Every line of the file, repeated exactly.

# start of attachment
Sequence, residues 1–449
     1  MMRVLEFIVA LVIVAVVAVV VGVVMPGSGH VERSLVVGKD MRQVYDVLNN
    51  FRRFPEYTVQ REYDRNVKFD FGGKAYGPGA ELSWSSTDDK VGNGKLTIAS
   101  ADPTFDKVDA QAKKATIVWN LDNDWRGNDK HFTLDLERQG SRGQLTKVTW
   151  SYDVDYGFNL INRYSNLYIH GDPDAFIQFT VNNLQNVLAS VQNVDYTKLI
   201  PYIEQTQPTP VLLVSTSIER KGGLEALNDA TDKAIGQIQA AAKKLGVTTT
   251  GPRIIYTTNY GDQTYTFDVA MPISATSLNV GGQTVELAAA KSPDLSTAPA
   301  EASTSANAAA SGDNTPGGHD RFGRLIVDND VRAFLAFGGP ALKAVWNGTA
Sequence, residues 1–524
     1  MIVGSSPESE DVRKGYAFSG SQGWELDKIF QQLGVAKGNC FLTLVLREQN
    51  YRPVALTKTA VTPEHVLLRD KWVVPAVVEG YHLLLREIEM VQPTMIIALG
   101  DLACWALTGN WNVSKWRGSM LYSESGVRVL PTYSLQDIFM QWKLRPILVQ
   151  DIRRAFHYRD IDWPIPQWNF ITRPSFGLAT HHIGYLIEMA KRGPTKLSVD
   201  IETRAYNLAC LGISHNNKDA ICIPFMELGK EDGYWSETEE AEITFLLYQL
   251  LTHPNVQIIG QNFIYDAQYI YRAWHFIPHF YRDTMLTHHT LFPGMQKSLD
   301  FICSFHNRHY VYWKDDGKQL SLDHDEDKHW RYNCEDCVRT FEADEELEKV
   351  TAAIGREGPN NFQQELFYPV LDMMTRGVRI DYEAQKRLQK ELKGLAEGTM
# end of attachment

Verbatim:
Sequence, residues 1–449
     1  MMRVLEFIVA LVIVAVVAVV VGVVMPGSGH VERSLVVGKD MRQVYDVLNN
    51  FRRFPEYTVQ REYDRNVKFD FGGKAYGPGA ELSWSSTDDK VGNGKLTIAS
   101  ADPTFDKVDA QAKKATIVWN LDNDWRGNDK HFTLDLERQG SRGQLTKVTW
   151  SYDVDYGFNL INRYSNLYIH GDPDAFIQFT VNNLQNVLAS VQNVDYTKLI
   201  PYIEQTQPTP VLLVSTSIER KGGLEALNDA TDKAIGQIQA AAKKLGVTTT
   251  GPRIIYTTNY GDQTYTFDVA MPISATSLNV GGQTVELAAA KSPDLSTAPA
   301  EASTSANAAA SGDNTPGGHD RFGRLIVDND VRAFLAFGGP ALKAVWNGTA
Sequence, residues 1–524
     1  MIVGSSPESE DVRKGYAFSG SQGWELDKIF QQLGVAKGNC FLTLVLREQN
    51  YRPVALTKTA VTPEHVLLRD KWVVPAVVEG YHLLLREIEM VQPTMIIALG
   101  DLACWALTGN WNVSKWRGSM LYSESGVRVL PTYSLQDIFM QWKLRPILVQ
   151  DIRRAFHYRD IDWPIPQWNF ITRPSFGLAT HHIGYLIEMA KRGPTKLSVD
   201  IETRAYNLAC LGISHNNKDA ICIPFMELGK EDGYWSETEE AEITFLLYQL
   251  LTHPNVQIIG QNFIYDAQYI YRAWHFIPHF YRDTMLTHHT LFPGMQKSLD
   301  FICSFHNRHY VYWKDDGKQL SLDHDEDKHW RYNCEDCVRT FEADEELEKV
   351  TAAIGREGPN NFQQELFYPV LDMMTRGVRI DYEAQKRLQK ELKGLAEGTM